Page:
In the aftermath of the Korean War, the decision to establish diplomatic ties with Taiwan was influenced by a prevailing fear of Communist China spreading its influence into Southeast Asia. The United States played a significant role in pushing Australia towards this decision. Yet Australia found itself at the crossroads of a complex debate on the strategic importance of Nationalist China on an independent Taiwan and on recognition of Communist China.  

One of the advocates for Nationalist China in the Australian Parliament, W. S. Kent Hughes (a federal minister in the 1950s for the Liberal party), frequently raised questions about Australia’s stance and advocated for recognising Chiang Kai-shek’s leadership in Taiwan. Documents archived among Hughes’ papers reflect his eagerness for clarification from Canberra regarding the undefined relationship between Nationalist China and Australia, a connection that surpassed the conventional categorisation of ‘Friends and Neighbours’ (as Hughes put it) without, at that time, quite reaching the point of full diplomatic relations.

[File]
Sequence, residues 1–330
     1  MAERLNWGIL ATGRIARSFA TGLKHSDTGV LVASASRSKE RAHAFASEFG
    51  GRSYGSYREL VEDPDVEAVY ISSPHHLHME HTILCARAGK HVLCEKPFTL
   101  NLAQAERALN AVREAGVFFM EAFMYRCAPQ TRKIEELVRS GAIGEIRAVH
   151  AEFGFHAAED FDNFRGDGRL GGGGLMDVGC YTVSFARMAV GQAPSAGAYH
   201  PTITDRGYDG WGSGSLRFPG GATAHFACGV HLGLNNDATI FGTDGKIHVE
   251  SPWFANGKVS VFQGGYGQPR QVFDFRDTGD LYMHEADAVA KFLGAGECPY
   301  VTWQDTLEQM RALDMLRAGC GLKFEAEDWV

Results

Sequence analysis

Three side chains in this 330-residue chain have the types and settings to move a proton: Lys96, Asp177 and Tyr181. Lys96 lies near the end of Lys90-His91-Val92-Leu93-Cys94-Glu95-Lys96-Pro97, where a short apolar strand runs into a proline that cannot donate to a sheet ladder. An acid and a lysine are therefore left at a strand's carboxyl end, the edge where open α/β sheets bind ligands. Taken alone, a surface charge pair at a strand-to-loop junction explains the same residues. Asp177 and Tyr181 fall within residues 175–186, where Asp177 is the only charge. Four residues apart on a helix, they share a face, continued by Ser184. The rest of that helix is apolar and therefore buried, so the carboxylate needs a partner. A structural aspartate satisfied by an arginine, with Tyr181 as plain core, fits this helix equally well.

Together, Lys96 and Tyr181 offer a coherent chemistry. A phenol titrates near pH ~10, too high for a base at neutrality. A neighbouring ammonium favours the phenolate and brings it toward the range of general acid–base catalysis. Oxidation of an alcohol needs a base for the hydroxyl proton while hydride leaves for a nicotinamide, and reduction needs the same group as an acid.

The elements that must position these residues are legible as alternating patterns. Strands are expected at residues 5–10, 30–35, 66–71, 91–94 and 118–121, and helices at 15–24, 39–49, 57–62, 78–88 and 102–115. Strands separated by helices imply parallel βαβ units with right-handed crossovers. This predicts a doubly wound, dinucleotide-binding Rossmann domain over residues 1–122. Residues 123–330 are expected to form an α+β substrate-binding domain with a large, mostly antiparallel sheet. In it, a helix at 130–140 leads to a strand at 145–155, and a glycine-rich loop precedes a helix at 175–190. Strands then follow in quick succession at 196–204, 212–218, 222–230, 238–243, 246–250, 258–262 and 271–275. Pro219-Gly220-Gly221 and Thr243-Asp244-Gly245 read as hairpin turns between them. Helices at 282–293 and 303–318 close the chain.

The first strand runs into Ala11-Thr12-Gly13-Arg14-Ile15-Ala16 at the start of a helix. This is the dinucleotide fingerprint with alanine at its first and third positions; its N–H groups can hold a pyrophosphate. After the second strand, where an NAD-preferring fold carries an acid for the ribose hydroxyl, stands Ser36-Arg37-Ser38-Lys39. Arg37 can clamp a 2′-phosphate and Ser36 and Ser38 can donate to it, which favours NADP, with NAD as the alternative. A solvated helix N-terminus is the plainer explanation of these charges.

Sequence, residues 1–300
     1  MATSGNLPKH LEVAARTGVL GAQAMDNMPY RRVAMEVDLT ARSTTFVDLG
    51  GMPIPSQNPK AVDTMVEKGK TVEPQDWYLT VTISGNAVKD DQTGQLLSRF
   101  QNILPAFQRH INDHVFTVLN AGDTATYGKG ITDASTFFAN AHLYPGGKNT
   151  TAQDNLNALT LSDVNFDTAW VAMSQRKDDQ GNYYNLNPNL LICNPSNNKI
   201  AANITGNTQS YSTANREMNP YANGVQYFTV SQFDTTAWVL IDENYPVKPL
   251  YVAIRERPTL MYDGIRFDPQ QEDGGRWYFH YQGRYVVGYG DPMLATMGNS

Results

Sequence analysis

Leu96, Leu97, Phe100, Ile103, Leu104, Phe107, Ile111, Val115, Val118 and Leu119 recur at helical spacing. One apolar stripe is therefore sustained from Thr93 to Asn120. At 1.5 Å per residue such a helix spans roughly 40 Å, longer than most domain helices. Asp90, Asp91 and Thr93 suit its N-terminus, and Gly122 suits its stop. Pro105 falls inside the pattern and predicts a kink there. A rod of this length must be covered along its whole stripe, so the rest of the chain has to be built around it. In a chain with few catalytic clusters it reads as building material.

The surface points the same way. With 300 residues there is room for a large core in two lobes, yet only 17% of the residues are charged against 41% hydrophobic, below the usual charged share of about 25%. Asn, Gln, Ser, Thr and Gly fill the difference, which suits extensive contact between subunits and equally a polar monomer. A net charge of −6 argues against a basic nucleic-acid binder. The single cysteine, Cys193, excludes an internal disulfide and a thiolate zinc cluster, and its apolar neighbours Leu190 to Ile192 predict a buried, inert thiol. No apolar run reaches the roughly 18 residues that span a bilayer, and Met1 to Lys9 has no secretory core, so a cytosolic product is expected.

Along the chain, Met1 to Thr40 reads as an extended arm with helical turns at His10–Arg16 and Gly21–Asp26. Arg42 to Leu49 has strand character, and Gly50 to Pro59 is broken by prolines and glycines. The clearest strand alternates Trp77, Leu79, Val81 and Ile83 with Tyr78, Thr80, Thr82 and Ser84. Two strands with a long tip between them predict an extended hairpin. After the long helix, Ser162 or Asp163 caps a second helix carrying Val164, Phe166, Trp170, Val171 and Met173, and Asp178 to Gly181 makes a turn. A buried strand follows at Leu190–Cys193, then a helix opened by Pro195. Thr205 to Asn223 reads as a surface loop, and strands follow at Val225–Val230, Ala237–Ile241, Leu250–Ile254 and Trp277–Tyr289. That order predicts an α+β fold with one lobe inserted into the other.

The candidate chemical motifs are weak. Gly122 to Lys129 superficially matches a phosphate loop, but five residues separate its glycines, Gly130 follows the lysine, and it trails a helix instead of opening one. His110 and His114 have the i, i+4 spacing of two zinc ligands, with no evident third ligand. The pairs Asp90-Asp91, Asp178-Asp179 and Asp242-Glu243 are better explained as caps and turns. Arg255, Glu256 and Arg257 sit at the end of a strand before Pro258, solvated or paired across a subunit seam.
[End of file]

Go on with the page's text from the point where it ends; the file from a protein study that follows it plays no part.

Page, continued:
Hughes believed that aligning strategically with Nationalist China would serve Australia’s interests in Southeast Asia by securing support from the wider Chinese diaspora and addressing strategic security considerations in the region. However, the debate within Australia’s corridors of power was far from straightforward. Limited access to direct intelligence about Nationalist China, coupled with concerns about Chiang Kai-shek’s global political standing and difficult relations between the Chinese Nationalist government and Formosans (which refers to Taiwanese who lived on the island before 1945 and their descendants) created a complex tapestry that kept the relationship with Nationalist China undecided for some years. Formal recognition of an Ambassador for the Republic of China on Taiwan required improved intelligence and further direct information for Australia. Satisfaction of government concerns resulted in official acceptance of Ambassador Chen Chih-mai in 1959.